August 2018

Overdrive Magazine | Trucking Business News & Owner Operator Info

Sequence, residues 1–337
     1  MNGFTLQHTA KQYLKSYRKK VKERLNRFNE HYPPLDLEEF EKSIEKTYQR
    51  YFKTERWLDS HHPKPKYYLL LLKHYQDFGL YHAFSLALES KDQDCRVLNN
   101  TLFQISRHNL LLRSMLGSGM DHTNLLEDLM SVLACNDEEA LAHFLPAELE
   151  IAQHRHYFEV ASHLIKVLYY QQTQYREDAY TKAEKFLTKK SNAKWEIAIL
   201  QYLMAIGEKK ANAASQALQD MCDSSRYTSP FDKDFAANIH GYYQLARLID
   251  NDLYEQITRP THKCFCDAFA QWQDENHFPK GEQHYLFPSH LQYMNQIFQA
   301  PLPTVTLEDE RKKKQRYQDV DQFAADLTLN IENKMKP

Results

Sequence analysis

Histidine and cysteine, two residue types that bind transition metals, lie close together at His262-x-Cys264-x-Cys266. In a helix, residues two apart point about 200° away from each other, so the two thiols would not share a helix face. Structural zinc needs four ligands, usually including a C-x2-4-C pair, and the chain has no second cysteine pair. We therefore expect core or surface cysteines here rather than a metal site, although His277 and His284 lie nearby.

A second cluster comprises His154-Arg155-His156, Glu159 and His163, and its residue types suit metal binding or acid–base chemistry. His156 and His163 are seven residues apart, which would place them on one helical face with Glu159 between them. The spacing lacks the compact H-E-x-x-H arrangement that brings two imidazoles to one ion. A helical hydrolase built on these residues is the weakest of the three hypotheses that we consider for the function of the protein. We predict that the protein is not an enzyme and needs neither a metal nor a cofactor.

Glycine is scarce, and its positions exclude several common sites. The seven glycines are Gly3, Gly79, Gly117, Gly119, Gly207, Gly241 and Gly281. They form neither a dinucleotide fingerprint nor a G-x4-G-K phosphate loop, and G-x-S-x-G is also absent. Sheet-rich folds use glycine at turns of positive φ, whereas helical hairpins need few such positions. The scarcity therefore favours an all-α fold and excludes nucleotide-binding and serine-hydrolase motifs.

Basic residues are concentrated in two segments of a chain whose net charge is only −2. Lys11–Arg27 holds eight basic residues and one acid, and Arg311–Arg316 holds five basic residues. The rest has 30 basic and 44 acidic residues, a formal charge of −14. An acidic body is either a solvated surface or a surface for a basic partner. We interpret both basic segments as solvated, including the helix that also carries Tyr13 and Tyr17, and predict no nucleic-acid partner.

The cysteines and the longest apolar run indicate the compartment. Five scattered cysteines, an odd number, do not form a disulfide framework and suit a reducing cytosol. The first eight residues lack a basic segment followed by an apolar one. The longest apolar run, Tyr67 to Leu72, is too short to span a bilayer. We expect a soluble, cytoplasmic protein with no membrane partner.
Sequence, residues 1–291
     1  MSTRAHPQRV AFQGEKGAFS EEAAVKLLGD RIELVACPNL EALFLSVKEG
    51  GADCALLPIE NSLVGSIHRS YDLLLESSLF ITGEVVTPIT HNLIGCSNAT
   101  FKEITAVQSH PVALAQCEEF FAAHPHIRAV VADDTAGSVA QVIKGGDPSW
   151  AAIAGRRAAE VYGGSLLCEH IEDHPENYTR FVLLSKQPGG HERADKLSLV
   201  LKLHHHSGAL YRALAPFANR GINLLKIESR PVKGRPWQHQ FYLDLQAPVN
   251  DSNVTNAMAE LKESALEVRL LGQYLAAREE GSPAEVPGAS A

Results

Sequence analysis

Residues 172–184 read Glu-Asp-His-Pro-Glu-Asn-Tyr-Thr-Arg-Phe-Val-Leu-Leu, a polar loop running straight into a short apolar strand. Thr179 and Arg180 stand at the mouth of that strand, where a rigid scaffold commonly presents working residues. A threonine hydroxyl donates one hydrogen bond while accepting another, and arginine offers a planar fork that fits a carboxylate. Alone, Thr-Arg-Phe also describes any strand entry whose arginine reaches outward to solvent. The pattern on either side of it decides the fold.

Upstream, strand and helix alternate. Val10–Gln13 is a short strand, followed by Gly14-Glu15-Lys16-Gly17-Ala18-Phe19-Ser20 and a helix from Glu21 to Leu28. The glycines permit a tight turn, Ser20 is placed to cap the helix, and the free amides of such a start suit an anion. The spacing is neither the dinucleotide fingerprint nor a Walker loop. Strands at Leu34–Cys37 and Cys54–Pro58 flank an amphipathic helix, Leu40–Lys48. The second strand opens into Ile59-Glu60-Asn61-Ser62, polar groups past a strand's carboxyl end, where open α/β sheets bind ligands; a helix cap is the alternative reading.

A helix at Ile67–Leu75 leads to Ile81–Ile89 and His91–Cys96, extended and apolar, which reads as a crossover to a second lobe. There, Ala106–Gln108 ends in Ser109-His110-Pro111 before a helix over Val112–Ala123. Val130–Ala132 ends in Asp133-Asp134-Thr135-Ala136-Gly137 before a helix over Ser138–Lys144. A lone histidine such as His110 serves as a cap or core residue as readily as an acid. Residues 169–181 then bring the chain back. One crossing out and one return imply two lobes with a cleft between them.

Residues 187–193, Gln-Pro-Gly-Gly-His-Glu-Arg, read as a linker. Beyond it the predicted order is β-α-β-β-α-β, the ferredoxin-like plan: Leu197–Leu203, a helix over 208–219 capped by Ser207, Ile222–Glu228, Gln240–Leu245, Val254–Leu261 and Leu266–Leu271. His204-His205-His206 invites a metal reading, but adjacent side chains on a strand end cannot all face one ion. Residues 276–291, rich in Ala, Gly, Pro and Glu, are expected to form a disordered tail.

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Voices 4 | Overdrive | August 2018 Some brokers are truly feeling the pinch on the spot freight markets, as evidenced by an email that came into Overdrive offices with the subject line "Price Gouging." In it, a broker de- claimed that some carriers have been asking for $7 to $10 a mile "just be- cause they think they can get it." The broker wished for a place to report carriers for bad-faith negotiations. One man's terrorist is another's freedom fighter, one might say. The broker recognized the basics of supply and demand, well aware of what she called a "capacity shortage" and a "driver shortage." With the uptick in freight flowing through the economy, the regulatory constraints on hours (including that ELD man- date thing) and the difficulty for any fleet to scale up to meet increased demand at the drop of a hat, it's nat- ural that a carrier would aim higher and higher on rates. A carrier might even aim at out-of-touch-with-reality levels if negotiating with brokers in situations where there's little to lose by doing so. Say it's a situation where the broker's a one-and-done (a term often applied from the other direction to carriers), with whom there's little likelihood of any further relationship. Just as it's true that owner-ops can do consistently better if they invest in relationships with trusted brokers, the same is also true for the brokers. When a broker's not willing to make a relationship effort with steady carriers, he might well expect the occasional or more-than-occasional $7-$10/mile demand. From the owner-op's perspective, Sean Linn, among others, emphasized the need for small fleets and own- er-ops to get what they can while the getting is good. He also noted approaches to negotiations "depend greatly on the broker and the area you're in. If I'm running my normal region and/or dealing with a broker I like working with and trust, then I don't squeeze them. … But if I'm having to deal with one of those large brokers that are at the bottom end of the rate pool, then I squeeze for everything I can get. I take full advantage of their desperation. "I also only haul for them when I can't work with someone I've built that relationship with. Thankfully, I've never been stiffed on a freight bill. I might have a different opinion if I've hauled something for free because they decided to skip out afterwards." Independent Howard Salmon has of late been working with one broker virtually exclusively. Despite the auto- mation buzzword that figures heavily in discussions around traditional and new brokers becoming more and more tech-enabled, Salmon's broker at C.H. Robinson deals with him mostly on the phone when it comes to load scheduling. It's this central point of contact that Salmon, hauling with a reefer, believes has kept his business a success. Rates between $2 and $4 a mile have been the norm of late. He's certain the company's use of data Exploiting rates vs. prepping for slowdown Howard Salmon is making the most of today's explosive rates environment with his 1999 Kenworth (below) and an equally import- ant investment in a long-term relationship with a regular broker, effective insurance against the inevitable downturn. $3.25 $3.00 $2.75 $2.50 $2.25 $2.00 $1.75 Flatbed Reefer Dry Van $2.33 $2.17 $2.04 $3.02 $2.88 $2.73 June 2016 June 2017 June 2018 Spot market paid rates

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